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Lariat Letters: Response to State of the Union

Jan. 29, 2010

Response to State of the Union

First off, I would like to say that Barack Obama said some very good things last night. However, despite a few bits of promising rhetoric and some serious accomplishments, there are serious flaws in Obama's plan for this country.

On the positive side of things, Obama admitted that those who run corporations are, indeed, not evil. They are honest folks like you or me. In all seriousness, this is a big rhetorical step for a president whose first year in office has been mired by anti-business, anti-corporate sentiments both explicit and implicit.

It is clear that Obama has come to the understanding that without businesses, big and small, job creation is simply impossible. Perhaps he finally read that statistic that 77 percent of investors view him as an anti-business politician, but this is merely speculation.

My point is that Obama has heard or at least seems to have heard part of what conservatives have been saying all along. Businesses are a partner in civil society, not an enemy.

Obama did, however, go a step further with concern to business; he is now supporting and proposing a sweeping round of tax credits and cuts for small businesses, including some that are particularly aimed at promoting small business investment.

On whole, I fervently support tax cuts, particularly those aimed at business and the middle class (mind you, my ultimate goal is across-the-board tax reduction, but these segments of society are a good place to start), so this, too, struck me as a remarkable step in the right direction.

However, a thought soon began to ruminate in the back of my mind (especially as Obama's tax cut spree started to make him sound like Bush or Reagan) -- Where is this money going to come from?

The only thing worse than not lowering taxes is lowering taxes without cutting an equal or higher amount of the budget. Just as soon as these thoughts began to go through me into a deficit-inspired depression, Obama once more offered a solution. He is going to institute a three-year spending freeze beginning in 2011. "Wow" was about all I could come up with in that moment. Mind you, there are some practical problems concerning Obama's debt-reduction program, (and it is coming next year as opposed to this year) but all in all this represents yet another positive step.

Finally, I should mention that Obama's comments on foreign relations were only marred by implying that he ended the Iraq war. Although Obama has presided over the implementation of the troop withdrawal, the document authorizing it has George W. Bush's name -- not Obama's -- on it.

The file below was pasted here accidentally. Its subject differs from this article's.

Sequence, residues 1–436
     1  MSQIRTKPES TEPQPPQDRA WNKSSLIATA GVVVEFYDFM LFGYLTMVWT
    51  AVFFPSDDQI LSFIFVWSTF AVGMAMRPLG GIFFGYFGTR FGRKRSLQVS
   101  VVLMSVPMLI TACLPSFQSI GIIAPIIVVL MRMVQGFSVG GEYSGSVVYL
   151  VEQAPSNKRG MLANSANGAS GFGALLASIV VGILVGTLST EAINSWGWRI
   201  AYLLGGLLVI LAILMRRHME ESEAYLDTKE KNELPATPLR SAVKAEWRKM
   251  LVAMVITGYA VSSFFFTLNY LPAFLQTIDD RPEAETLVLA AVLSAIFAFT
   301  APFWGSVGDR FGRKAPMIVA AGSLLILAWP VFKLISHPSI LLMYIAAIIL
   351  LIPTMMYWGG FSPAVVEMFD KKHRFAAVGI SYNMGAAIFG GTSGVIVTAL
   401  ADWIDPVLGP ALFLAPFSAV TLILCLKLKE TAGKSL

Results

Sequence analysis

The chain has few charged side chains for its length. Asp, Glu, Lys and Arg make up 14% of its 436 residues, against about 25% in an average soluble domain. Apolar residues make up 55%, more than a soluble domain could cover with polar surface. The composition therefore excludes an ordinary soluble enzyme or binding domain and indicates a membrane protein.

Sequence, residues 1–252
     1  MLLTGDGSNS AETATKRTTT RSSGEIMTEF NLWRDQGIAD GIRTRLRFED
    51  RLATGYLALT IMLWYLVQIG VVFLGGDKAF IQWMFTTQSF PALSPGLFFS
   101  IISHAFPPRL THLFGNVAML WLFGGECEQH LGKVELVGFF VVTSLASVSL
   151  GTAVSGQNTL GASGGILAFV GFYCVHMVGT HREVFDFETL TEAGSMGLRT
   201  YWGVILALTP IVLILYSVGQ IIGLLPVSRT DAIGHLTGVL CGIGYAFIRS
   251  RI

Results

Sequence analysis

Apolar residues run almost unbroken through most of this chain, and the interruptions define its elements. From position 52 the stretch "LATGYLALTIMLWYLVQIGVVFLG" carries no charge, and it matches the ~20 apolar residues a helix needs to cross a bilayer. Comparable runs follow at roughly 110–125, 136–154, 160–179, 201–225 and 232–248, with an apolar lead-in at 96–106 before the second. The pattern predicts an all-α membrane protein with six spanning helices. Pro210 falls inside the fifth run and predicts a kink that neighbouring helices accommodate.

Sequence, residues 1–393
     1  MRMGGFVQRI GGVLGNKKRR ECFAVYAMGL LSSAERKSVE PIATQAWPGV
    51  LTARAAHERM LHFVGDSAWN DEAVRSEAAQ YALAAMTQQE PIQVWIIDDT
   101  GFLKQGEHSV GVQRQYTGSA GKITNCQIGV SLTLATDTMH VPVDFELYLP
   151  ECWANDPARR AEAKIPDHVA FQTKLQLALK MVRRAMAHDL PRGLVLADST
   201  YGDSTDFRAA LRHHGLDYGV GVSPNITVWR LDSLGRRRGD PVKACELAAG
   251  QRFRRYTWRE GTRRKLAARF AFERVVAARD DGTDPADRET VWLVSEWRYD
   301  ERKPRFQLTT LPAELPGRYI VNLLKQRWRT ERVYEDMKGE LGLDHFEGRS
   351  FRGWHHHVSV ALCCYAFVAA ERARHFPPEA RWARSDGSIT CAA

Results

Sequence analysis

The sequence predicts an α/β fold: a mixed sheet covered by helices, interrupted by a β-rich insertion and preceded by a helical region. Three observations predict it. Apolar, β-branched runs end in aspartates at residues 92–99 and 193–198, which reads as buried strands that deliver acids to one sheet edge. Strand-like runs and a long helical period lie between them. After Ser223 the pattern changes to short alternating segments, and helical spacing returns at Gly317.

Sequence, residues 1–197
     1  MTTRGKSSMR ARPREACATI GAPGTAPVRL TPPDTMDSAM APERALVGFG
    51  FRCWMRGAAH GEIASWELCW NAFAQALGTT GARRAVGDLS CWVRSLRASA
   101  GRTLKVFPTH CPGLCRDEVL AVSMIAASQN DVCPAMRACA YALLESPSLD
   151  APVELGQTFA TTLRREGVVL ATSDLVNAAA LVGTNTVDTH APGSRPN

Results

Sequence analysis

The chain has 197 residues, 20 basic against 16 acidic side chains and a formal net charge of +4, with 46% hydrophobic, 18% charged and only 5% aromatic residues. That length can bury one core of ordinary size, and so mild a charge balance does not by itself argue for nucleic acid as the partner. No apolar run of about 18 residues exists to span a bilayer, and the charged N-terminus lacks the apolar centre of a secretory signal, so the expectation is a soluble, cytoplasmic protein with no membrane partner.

Now, on to the negative. My biggest single problem with the speech was a series of rhetorical sleights-of-hand meant to attack conservatives and businesses without actually attacking them. Despite the steps I mentioned above, it was somewhat clear throughout the speech that Obama favors government over private enterprise.

He continued to blame banks almost entirely for the current crisis. Blame for the situation should be spread across banks, government and normal people who took out remarkably unsafe loans. By continuing to obscure the complexity of the situation by directing populist anger against banks and businesses in general, Obama does the American people a grave disservice.

He proposed a debt forgiveness program that favored government workers over their private brethren. Obama also continued to focus anger at the rich in general, building off Biden's belief that they aren't doing their share tax wise. Obama announced that there would be no extension on wealthy tax cuts, stating that they can afford to pay to end the deficit. Finally, Obama stirred some anger against conservatives in Congress. He remarked brightly about the optimism and positivity of the Democratic Party. He talked about a coming together. He announced that just saying no is not leadership. He spoke about the courage to propose something.

The implicit meaning of all of these statements is that Republicans are cowardly obstructionists who oppose his policies just to oppose them. I have no doubt that in the back of his mind he blames Republicans (rather than his own missteps) for the disaster that was his 2009 political docket. The anger and frustration stemming from this blame above all else makes itself apparent in his speech. It is in the rhetoric that I find the most to be angry about.

Obama should recognize the difficulty in a true conservative position. It is easy to propose a project that claims to help millions of Americans at a lower cost than the current system. It is difficult to tell those same Americans that such a plan offends the liberty of others and, as such, cannot be. It is easy to follow the progressive path that claims to lead to a land of peace, equality and happiness. It is difficult to follow the traditions of the past hoping they will bring the long-term goals they always have. In short, it is easy to follow the lead. It is difficult to stand up and say "No, You Can't."

Jeffrey Vitarius
Economics '11